-occurs old world monkey
-individual females rank due to her age and her fitness due to her age
-all females eventually gain and lose thier rank
-uniform distribution of food patches
-no philopatry b/c food patches only big enought to sustain one female
-low leverage: no coalitions
-no consortship with low ranking males because females have no relatives usually so need leverage of high ranking male to help her out
consortship with low ranking males?
Female dispersal
-females leave because of lack of repro opportunities in current group
-resources: hyper abundant to group size, no contest competition, egalitarian individualistic
-females more subject to male coercion b/c have no relatives to support them
-potentially dangerous to females; increased predation, possible lack of food, possible agression from other females in new groups
-why do females disperse?
-what type of resources and what develops in the society due to the resource distribution?
-females are more subject to what and whhy?
-possibly dangerous to females b/c ; 3 things
What do males tend to risk more on over females and why? What are male resources for survival in comparisson to females?
-males risk more for mating opportunities because all they need to do is survive and mate, they don't have to worry about raising the offspring
-males resources for survival mostly females while females resource for survival mostly food
Male stress causes
-challenges lower ranking males
-male monopilation potential dependent on dominance
-if dominant male: keeping track of his females
-group size pressures
Male monopolization potential
two ways to do so
-group size; larger group size and larger estrous synchrony make it harder for male to monopolize b/c harder to keep track of individual females, smaller groups size and no estrous synchrony easier for male to monopolize individual females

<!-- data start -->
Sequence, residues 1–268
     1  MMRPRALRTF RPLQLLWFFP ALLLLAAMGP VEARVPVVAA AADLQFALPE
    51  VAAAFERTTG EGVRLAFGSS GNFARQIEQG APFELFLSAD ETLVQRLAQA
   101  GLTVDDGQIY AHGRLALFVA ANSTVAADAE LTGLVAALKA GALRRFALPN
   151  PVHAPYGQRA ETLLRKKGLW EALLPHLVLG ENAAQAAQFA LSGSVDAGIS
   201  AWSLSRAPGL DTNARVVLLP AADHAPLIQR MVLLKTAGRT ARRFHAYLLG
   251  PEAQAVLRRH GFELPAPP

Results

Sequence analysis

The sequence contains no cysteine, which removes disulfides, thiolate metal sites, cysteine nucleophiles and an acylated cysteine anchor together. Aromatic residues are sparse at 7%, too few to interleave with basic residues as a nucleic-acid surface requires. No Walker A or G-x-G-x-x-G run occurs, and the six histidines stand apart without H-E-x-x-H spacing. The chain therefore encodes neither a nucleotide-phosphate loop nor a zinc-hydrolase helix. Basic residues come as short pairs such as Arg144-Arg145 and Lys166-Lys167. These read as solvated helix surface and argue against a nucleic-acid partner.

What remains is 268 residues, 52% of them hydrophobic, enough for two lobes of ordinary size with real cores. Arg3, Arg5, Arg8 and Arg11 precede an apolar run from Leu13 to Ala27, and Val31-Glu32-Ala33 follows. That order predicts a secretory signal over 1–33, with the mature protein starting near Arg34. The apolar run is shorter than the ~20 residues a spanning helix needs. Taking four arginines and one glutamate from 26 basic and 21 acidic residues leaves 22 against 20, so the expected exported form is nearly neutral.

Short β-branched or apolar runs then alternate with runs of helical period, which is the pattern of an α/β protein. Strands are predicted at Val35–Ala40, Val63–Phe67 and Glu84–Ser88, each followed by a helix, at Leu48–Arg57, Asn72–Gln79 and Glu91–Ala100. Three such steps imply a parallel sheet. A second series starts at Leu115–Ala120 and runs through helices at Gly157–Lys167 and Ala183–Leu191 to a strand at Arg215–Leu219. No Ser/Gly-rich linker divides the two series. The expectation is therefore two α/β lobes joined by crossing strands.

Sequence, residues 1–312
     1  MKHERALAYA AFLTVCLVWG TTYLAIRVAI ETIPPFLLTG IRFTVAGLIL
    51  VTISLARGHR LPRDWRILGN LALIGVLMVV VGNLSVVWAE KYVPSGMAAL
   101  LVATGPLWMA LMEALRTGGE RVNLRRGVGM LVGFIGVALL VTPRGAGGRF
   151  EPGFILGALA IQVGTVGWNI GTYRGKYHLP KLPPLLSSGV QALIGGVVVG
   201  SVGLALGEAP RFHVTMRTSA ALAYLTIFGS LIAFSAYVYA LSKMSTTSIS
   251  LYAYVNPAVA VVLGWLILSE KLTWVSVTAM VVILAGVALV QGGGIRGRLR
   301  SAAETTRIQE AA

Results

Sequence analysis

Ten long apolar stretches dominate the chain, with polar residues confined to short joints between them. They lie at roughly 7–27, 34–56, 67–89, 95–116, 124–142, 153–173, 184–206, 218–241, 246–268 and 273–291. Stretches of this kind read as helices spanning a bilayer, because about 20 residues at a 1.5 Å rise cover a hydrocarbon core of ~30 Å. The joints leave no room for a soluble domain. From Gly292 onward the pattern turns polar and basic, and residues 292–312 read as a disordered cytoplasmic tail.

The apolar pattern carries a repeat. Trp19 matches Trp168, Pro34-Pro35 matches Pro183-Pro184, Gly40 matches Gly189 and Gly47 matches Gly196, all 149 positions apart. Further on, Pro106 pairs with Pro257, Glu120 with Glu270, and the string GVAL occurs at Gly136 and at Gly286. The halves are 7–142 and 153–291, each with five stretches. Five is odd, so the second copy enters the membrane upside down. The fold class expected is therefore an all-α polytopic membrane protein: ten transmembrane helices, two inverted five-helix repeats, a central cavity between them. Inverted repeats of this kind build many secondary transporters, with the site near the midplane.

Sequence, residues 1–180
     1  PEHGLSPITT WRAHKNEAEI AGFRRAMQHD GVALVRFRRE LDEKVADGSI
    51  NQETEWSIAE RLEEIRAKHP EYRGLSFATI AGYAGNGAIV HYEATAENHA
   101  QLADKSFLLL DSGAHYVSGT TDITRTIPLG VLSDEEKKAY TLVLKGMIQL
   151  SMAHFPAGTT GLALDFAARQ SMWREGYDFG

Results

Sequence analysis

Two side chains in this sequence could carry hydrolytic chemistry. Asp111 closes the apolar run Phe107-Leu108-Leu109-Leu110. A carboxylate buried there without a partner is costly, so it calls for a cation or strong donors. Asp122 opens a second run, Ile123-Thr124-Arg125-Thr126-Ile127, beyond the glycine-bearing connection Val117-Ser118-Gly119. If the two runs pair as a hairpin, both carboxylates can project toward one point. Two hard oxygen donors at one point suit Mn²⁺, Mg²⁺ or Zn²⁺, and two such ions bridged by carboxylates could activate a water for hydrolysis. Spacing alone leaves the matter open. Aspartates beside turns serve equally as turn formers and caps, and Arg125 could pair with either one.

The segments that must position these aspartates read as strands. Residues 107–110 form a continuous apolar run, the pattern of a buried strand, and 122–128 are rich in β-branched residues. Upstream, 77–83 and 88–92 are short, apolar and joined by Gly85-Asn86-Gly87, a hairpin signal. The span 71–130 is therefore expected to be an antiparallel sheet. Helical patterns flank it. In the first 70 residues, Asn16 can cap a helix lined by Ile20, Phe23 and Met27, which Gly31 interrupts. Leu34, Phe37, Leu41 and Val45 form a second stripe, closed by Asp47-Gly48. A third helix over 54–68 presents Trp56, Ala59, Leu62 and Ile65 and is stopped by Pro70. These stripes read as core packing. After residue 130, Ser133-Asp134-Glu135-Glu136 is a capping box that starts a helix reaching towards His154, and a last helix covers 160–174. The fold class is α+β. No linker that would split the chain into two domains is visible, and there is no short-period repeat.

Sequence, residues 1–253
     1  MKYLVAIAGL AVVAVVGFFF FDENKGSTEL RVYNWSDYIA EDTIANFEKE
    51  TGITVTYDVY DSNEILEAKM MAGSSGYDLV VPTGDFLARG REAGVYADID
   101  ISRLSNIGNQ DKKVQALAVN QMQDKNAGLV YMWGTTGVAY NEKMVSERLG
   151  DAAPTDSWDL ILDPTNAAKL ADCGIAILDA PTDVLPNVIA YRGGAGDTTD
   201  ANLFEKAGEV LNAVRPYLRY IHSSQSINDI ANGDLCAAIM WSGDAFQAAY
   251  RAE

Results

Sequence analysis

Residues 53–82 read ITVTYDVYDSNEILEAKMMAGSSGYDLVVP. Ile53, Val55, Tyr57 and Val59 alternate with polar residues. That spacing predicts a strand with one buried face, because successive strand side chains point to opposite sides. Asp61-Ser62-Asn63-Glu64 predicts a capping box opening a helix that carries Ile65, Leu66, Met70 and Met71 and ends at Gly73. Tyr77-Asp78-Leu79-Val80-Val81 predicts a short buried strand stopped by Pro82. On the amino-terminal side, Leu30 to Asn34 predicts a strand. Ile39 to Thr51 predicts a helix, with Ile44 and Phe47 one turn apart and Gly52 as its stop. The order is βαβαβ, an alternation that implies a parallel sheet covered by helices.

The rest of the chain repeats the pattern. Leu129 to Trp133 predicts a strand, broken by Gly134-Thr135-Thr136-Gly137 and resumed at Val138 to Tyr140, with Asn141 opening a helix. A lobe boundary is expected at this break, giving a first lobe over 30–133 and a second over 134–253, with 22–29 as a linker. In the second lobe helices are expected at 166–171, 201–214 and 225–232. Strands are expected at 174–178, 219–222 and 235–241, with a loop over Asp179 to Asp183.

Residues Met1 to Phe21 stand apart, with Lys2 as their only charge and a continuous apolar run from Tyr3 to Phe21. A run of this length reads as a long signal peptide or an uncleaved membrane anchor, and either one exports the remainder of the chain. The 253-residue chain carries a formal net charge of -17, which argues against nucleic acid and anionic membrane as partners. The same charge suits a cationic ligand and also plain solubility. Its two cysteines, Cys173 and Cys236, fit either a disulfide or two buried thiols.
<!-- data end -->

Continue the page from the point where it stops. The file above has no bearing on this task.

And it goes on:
-estrous synchrony: females all go into estrous at same time-->depending on if species or group has this male's monopolization goes up or down, estrous synchrony goes down, no estrous synchrony potential goes up
What is Asynchrony and what does it promote?
- asynchrony means lack of correlation in female estrous cycles: no breeding seasonality
-promotes formation of dominance hierarchies among males to get access to females
Cooperation among related males
two types
-male philopatry
-age-graded group (gorillas):father's tolerate sons presence in groups even after they reach sexual maturity
Male dispersal with kin or without kin
- brothers or related kin disperse with each other to join new group
-dominance hierarchies with no rank inheritance b/c males unrelated
-coalitions important b/c if no kin then need othe rmales as allies
-higher rates of affiliation among males
-males don't care if they are related in terms of fighting for rank
-who disperses with whom?
-what type of dominance hierarchies, and why?
-higher rates of what among males?
-males don't care if they fight who for rank?
-toleration of sexually mature son in group
-Sons don't :reproduce, no coalition support, don't have contact with father: try to stay out of his way
-father dominant son subordinate
-females focus on dominant male no interaction with son of male
-son interacs with juveniles and aids with offspring
-advantage to son is that he can inherit leadership of group if he stays and maybe weren't enough bachelor males in area to form bachelor group
-toleration of whom in group?
- sons don't ? 3 things
-who's dominant who's subordinate?
-who do females focus on?
-who does the son interact with?
-advantages to son (2)
Cooperation among unrelated in case of male dispersal
-multimale multifemale groups
-unstable coalitions
-low between group competition over females because might be going against own kin
-high intragroup competition over females
when unrelated males cooperate what hierarchies develop?
what are they based on?
-dominace hierarchies based on age (in relatino to size and fighting ability), tenure in group, support (longer in group more support to be had in group)
when unrelated males cooperate who do the coalitions tend to be among? why?
-mid ranking males b/c higher ranking males already have pwr
and lower ranking males are usually new members to the group who haven't esablished relationships
What do unrelated male coalition partners do to retain the coalition?
-ritualized acts to confirm partnership: grooming, submissive behaviors to each other